The fingering changes have been added to the MiniWI-cap-pmt.ino on Github.

  • ​Part 4: Ideas for further development

    Johan Berglund05/25/2016 at 10:52 0 comments

    Along the way several ideas have popped up, and some of them I'm very likely to explore. These are:

    • A TeensieWI using the built in touch sense of the Teensy LC. This would also use the built in USB MIDI compatibility of the Teensy, and also draw power from the USB. I would use only touch keys and no joysticks or potentiometers, making this controller incredibly small. Thinking of sandwiching the components between two UV reactive translucent perspex sheets and put some UV/purple LEDs inside... just for the cool look :) More MPX5010GPs and a Teensy LC already ordered... :)

    • A MiniVI, as in Valve Instrument, based on the EVI1000 and the Steiner MIDI EVI. Already begun writing the firmware for this.

    • Built in sound capabilities. Possibly as a snap-on module for the MiniWI. I've bought a clever little MIDI synth chip programmed by fellow Swede Jan Östman, the dsp-G1. No problem to fit inside the already cramped MiniWI housing. Also got some small 5V amp boards and a variety of tiny speakers to work with.

    • Instead of conductive tape, make metal inlays in the wood. A bit more work, but could look awesome.

    • DIY kits? Maybe, if people want them.

  • Part 3: Evaluation and modification

    Johan Berglund05/24/2016 at 19:47 0 comments

    In general, the playable prototype was a success! Fingers fell naturally on the touch pads with only three minor instances where the pads should be altered or moved. One was the bis key between LH1 and LH2, where the LH2 finger would go across the bottom corner of the bis pad. This was easily solved with an x-acto knife. Another problem was the LH pinky key being a bit to close to RH1. Slight risk for glitching there. To be solved in later versions. Not too big a problem at the moment. Then there was a minor issue with the RH pinky keys being a bit too close to each other. This was mainly caused by one of the pads being a tad too big. Also solved with the x-acto.

    The choice of copper tape had an obvious backside to it – the oxidation. Using aluminium tape instead, or in combination with copper, could be a good alternative. I've also been looking at making metal inlays in the wood.

    Playability with the breath was no problem, as that was already tuned well from the breadboard prototype. Pitch bend and modulation joystick was also very well placed and it felt natural to use. Pitch bend needed to be scaled down a bit though, so I added a pitch bend sensitivity parameter in the firmware. With the present setting it will go only 50% of the value for full pitch bend. Much better.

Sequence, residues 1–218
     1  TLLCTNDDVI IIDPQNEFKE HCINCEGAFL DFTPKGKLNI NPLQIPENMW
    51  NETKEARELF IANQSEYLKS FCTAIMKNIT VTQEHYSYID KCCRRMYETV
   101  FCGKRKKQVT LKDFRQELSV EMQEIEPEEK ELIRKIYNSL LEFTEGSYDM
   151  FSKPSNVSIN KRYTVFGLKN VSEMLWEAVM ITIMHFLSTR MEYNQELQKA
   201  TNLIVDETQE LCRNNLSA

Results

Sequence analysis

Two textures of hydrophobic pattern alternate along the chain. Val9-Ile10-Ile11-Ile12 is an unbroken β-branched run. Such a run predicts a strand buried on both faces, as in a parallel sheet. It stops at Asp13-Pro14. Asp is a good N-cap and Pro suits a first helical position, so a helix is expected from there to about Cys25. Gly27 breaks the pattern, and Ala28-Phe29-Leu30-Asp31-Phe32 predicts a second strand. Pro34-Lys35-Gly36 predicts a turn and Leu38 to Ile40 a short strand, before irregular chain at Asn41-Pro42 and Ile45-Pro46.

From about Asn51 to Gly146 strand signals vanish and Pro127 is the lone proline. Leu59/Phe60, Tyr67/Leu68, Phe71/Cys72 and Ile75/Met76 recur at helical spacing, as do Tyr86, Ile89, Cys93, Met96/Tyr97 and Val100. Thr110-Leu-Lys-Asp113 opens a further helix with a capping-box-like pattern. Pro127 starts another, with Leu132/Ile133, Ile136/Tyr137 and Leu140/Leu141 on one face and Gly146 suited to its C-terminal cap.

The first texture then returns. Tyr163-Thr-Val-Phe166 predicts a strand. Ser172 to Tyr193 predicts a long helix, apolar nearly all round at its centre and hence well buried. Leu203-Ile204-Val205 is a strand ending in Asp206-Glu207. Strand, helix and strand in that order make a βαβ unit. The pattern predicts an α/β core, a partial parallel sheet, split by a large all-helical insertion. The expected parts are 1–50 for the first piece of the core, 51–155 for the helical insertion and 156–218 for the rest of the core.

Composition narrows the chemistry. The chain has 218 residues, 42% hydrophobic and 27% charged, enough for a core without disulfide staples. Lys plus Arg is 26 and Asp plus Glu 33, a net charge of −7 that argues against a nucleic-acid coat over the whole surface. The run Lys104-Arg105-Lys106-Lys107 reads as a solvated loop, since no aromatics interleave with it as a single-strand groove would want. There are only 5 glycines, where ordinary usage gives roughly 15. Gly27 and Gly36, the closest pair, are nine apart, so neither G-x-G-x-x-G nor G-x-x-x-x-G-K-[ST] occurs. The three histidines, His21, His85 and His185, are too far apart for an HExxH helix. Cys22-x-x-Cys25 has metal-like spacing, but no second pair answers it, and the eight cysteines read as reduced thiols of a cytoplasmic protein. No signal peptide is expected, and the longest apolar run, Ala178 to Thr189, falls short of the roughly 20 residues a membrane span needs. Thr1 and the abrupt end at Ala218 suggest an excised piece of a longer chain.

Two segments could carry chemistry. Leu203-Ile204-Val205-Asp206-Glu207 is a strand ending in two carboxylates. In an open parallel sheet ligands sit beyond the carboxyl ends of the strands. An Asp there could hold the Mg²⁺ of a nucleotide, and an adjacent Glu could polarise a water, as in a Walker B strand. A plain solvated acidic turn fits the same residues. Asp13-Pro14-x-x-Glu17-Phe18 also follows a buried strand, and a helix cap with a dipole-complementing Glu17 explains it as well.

Octave shifting was not as easy to play as I had hoped. Using both X and Y of the joystick to control the octaves got kind of weird. I often slipped to the sides during play, and the sideways motion was generally not as intuitive as the up and down motion that on the other hand felt very similar to using the octave rollers on the "real" EWI. I decided to fix this by disabling the sideways motion and putting in a potentiometer for setting the base octave in five steps (-2 to +2) instead. This way I would get a wider range for the controller in total, but a more narrow range instantly accessable during play.

    A feature I realized was missing was control for portamento (glide), and as there was an unused analog input on the Pro Mini and unused inputs on the MPR121 board I could easily add a potentiometer for portamento rate setting and a touch pad by the mod stick at the same time as I did the octave stick modifications. When adding these new features in the firmware I also changed the playing mode to legato when changing fingering while a note is already playing. That means the new note gets a MIDI note on before the old one gets a MIDI note off. This of course to make the portamento work. So far there have been no issues playing my wind controller patches with this change, but there might be instances where the legato mode could use a disable function. Might look into that later.

    The firmware now feels pretty final, and the controller hardware is actually really nice to play! It is so light (200 grams) and small (300x40x35 mm for the main body) it feels more like playing a recorder than an EWI, and now when I switch to the EWI... well the EWI feels like an elephant in my hands :) I can without hesitation say: mission accomplished! :D

  • Part 2: The playable prototype with touch keys

    Johan Berglund05/24/2016 at 11:06 0 comments

    After a failed attempt to create a compact board with moving keys and switches, I got another push in the right direction by the Gordophone blog. Gordon had just published an example using capacitive touch switches, and of course I had to try that.

    I adapted my design and firmware for use with the Adafruit MPR121 capacitive touch sensor breakout board. At the same time I reduced the key setup a bit by removing keys I never or rarely use, just to get the instrument more compact and somewhat simplified. For a recorder or flute player moving to EWI this would still be a good setup.